One design feature, among others, of canister-based storage systems is directed at limiting the temperatures of the spent nuclear fuel while loading the spent nuclear fuel into the canisters at the power plants. This becomes a difficult technical design task, particularly if the spent nuclear fuel has in-reactor burnup and/or post-reactor cooling period characteristics that cause the spent nuclear fuel to have high heat generation rates. Such high heat generation rates cause spent nuclear fuel and canister material temperatures to increase rapidly, reducing the amount of time available to weld closures on the canisters before temperature limits are exceeded, particularly during step 5 of FIG. 1. Further, spent nuclear fuel with such high heat generation rates is also a source of high radiation, which can elevate the ionizing radiation exposure of workers involved in closing the canisters and transferring them into on-site storage casks. Workers are limited in the amount of such radiation exposure they can receive, and spent nuclear fuel with high heat generation rates makes the task of keeping worker exposures to ionizing radiation as low as reasonably achievable (ALARA) more difficult.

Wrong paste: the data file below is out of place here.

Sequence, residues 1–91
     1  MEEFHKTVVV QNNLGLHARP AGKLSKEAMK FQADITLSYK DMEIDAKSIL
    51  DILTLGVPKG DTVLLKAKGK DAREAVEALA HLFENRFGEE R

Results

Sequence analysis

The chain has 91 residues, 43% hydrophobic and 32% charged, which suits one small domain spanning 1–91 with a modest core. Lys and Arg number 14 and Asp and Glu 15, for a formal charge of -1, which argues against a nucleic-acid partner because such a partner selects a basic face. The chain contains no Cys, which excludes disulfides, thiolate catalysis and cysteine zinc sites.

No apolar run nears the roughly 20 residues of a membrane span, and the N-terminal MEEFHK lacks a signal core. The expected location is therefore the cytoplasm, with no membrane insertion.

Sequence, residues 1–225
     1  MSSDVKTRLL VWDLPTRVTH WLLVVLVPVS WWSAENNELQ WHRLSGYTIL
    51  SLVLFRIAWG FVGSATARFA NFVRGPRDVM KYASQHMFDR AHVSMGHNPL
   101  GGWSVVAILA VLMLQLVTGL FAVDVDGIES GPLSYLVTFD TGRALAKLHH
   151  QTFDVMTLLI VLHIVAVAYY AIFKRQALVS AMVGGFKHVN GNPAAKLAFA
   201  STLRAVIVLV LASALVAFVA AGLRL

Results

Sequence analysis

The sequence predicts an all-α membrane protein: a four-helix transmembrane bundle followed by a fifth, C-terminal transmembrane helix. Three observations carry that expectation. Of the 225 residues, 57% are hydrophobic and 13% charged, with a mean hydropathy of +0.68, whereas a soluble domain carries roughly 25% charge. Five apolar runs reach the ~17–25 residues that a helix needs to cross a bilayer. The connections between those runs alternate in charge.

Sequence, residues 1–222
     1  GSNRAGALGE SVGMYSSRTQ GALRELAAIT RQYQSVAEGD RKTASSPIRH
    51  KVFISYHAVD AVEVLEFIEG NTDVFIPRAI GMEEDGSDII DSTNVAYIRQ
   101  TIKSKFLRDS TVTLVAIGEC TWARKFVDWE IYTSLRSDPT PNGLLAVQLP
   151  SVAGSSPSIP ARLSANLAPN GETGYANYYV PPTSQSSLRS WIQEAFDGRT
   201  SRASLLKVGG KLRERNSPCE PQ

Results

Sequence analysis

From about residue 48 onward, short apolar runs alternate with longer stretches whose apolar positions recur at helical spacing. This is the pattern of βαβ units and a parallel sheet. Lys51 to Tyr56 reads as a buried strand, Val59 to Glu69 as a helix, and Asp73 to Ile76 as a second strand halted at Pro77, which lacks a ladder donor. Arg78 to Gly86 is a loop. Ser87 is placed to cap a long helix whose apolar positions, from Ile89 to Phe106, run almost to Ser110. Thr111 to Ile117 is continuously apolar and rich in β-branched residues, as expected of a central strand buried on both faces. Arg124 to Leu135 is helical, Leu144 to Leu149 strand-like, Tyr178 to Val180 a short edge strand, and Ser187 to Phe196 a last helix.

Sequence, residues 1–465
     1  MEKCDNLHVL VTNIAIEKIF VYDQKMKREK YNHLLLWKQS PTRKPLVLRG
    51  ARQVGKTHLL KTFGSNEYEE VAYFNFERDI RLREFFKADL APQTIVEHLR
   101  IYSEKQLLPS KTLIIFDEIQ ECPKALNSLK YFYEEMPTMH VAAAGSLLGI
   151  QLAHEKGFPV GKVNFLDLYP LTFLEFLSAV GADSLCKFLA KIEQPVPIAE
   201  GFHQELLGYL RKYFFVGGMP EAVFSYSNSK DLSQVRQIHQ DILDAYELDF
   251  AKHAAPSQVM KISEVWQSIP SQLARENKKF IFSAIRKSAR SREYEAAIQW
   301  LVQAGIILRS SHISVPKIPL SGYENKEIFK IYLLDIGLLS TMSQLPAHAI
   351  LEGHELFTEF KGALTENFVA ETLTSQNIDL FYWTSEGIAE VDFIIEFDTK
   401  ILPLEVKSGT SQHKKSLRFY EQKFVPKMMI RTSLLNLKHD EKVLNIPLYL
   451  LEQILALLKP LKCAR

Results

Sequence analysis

SUMMARY

Disclosed are systems and methods for loading and transferring spent nuclear fuel. In one embodiment, among others, the system comprises a transfer cask that contains spent nuclear fuel and shields radioactivity of the spent nuclear fuel, and an immersion tank that receives transfer casks within. The immersion tank has fluid that is circulated in the immersion tank, thereby cooling and providing shielding for the received transfer cask containing the spent nuclear fuel. It should be noted that the immersion tank is capable of not only receiving transfer casks based on canister-based storage systems, but also metal casks based on metal-based storage systems.

In another embodiment, among others, a method for loading and transferring spent nuclear fuel comprises: loading spent nuclear fuel into a canister; loading the canister along with spent nuclear fuel into a transfer cask; loading the transfer cask along with the spent nuclear fuel into an immersion tank; and circulating fluid within the immersion tank and an annulus located between the cask and canister using a closed loop, thereby cooling and providing shielding for the transfer cask and canister containing spent nuclear fuel.